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Macy’s Preliminary Q1 Results: Good and Bad

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Macy’s (NYSE:M) stock rose 4.0% as of 10:00 AM ET on June 9. The company said that it has experienced better-than-expected sales at reopened stores. The department store chain opened about 450 stores by June 1. The company also stated that it expects to exit the second quarter with a clean inventory position, which implies lower markdowns.

However, the stock was down 7.1% at the end of trading on Tuesday. Macy’s road to recovery seems very tough like many other brick-and-mortar retailers.

On Tuesday, the company reported its preliminary results for the first quarter of fiscal 2020. Previously, Macy’s disclosed its preliminary first-quarter metrics on May 21. The company’s first-quarter results took a hit due to store closures amid the COVID-19 pandemic.

Macy’s preliminary Q1 results

Macy’s preliminary results indicated a 45.2% YoY (year-over-year) drop in the first-quarter sales to $3.02 billion. Earlier, the company predicted that its first-quarter sales would be between $3.0 billion and $3.03 billion.

The company closed its Macy’s, Bloomingdale’s, Bluemercury, Macy’s Backstage, and other brand stores on March 17. The closure impacted the sales for the fiscal first quarter, which ended on May 2. The company saw a surge in its digital sales as customers followed social distancing and stay-at-home restrictions. However, digital sales growth wasn’t enough to offset the loss of sales from Macy’s extensive store network.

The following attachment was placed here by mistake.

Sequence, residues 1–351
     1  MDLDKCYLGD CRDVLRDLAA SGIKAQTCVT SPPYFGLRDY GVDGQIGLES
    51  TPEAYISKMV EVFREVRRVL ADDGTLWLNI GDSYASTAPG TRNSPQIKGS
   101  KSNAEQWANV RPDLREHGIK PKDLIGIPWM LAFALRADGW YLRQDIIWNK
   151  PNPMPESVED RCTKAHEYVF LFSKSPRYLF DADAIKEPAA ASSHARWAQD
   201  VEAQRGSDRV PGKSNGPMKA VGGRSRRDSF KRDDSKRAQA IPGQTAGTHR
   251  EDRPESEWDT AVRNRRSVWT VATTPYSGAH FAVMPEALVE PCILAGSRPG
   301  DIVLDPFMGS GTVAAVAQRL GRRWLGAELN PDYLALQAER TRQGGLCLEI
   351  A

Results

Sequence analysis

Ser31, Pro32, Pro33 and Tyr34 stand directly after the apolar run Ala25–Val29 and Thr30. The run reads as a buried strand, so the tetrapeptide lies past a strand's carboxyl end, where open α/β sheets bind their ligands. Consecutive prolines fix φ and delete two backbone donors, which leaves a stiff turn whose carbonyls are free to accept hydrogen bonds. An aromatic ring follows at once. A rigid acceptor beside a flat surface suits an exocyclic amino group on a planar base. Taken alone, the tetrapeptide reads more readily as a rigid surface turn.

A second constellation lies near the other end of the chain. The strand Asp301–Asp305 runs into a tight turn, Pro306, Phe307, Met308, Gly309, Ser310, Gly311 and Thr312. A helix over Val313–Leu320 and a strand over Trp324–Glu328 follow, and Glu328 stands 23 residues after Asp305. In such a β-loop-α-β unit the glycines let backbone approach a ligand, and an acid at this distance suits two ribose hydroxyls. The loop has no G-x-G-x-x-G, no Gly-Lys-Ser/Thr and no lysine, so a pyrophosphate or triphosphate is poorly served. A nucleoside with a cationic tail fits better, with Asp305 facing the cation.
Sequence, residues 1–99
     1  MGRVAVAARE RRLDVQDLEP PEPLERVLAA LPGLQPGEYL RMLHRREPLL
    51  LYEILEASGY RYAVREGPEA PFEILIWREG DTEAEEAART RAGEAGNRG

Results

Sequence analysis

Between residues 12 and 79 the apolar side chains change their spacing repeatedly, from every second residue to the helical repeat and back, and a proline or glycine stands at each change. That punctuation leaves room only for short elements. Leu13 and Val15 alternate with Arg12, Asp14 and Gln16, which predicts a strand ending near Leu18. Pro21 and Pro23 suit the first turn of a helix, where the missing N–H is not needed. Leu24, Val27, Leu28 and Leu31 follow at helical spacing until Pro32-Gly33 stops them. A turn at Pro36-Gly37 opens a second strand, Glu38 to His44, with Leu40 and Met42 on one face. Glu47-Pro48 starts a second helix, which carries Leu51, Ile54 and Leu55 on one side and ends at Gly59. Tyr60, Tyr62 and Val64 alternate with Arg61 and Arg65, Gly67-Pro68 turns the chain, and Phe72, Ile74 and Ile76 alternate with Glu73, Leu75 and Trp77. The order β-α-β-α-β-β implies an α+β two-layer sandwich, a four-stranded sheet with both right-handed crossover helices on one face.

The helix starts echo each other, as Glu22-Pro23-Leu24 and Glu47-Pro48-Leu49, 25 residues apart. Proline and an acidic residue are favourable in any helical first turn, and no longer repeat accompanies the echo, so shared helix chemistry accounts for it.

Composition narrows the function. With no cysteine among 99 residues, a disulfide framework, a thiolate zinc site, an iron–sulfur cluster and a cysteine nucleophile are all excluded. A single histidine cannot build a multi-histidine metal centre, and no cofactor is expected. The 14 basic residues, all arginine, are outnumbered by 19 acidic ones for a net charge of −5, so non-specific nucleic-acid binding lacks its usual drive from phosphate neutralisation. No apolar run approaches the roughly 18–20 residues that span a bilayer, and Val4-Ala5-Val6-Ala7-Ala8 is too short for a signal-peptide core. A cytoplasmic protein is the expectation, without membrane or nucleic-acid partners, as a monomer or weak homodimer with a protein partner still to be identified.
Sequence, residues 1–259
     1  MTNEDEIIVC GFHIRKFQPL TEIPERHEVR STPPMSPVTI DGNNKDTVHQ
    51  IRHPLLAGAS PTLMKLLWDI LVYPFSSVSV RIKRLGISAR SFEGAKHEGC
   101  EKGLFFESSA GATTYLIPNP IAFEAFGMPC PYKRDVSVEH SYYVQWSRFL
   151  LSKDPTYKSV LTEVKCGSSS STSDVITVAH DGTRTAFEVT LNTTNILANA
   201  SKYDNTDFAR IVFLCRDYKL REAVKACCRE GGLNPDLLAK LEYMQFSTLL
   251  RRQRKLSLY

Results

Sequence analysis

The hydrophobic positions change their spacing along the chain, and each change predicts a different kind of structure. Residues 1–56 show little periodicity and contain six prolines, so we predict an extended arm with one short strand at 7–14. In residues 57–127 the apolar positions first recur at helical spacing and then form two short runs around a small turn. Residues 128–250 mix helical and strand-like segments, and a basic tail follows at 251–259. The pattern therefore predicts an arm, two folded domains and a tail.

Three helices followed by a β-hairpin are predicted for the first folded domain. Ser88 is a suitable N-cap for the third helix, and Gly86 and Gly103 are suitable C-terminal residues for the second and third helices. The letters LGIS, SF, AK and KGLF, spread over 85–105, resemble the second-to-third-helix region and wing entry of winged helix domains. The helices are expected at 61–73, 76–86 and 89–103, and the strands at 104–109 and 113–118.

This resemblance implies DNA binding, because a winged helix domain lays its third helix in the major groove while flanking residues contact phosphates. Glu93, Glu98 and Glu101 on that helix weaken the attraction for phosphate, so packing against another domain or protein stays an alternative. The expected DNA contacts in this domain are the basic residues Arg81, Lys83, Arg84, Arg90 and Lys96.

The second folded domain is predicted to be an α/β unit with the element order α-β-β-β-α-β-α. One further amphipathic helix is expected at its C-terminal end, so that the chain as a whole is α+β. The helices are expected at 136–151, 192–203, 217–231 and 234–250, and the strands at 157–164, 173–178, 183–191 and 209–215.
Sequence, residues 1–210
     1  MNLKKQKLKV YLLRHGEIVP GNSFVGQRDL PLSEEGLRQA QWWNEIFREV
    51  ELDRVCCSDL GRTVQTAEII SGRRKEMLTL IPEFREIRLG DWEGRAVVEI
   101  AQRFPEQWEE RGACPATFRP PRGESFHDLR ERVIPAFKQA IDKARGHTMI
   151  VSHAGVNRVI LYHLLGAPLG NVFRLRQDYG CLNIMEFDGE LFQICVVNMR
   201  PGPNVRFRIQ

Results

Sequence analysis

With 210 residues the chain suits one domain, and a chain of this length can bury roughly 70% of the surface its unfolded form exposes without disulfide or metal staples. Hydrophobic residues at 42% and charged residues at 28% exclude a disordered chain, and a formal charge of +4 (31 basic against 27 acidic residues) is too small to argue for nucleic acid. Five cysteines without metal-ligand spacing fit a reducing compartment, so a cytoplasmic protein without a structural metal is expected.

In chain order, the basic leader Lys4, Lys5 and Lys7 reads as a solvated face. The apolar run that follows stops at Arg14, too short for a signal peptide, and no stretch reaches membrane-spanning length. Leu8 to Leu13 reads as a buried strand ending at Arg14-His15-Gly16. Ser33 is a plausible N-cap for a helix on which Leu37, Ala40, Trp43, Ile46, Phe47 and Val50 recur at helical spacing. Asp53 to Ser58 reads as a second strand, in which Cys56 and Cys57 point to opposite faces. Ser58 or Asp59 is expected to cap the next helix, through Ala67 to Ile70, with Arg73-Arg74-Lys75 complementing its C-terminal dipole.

Macy’s expects an adjusted loss per share of $2.03 in the first quarter of fiscal 2020 compared to an adjusted EPS of $0.44 in the first quarter of fiscal 2019. On a reported basis, the company expects a preliminary loss per share of $2.10 in the first quarter of fiscal 2020 compared to an EPS of $0.44 in the first quarter of fiscal 2019.

However, the company’s preliminary EPS doesn’t include the impact of goodwill and long-lived asset impairment charges. These charges will likely have a material impact on the first-quarter earnings. The company will likely release its first-quarter results on July 1.

Kohl’s (NYSE:KSS) first-quarter sales fell 43.5% YoY to $2.16 billion. Temporary store closures more than offset a 24% growth in the company’s digital sales in the first quarter.

Struggle continues

Macy’s and its peers weren’t performing well before COVID-19. Several traditional retailers, especially department store chains, have been under pressure due to pressure from online retailers like Amazon (NASDAQ:AMZN). Also, off-price retailers like TJX Companies (NYSE:TJX) and Ross Stores grabbed market share from department stores by offering attractive merchandise at deep discounts.

Mid-tier department store chain JCPenney filed for bankruptcy last month. COVID-19 has crushed several consumer discretionary companies. Customers have been spending more on essentials amid the pandemic.

Meanwhile, Macy’s raised about $4.5 billion in new financing to maintain financial flexibility amid the pandemic. The company disclosed a new $3.15 billion asset-based credit agreement. The company also raised $1.3 billion from the sale of its 8.375% senior secured notes.

So far, Macy’s stock has declined by 47.8% in 2020. Nordstrom (NYSE:JWN) and Kohl’s (NYSE:KSS) have fallen by 48.1% and 47.4%, respectively, year-to-date. Despite investing heavily in online capabilities, department store chains have been struggling to thrive in a highly competitive environment. Weak store traffic impacts their top line. Also, high unemployment rates and challenging macro conditions make the situation worse for Macy’s since it sells discretionary products.

Analysts expect more downside in Macy’s stock. As of June 9, the 12-month average target price of $6.38 for the stock reflects a possible decline of about 28%. Right now, the future looks very gloomy for department stores.

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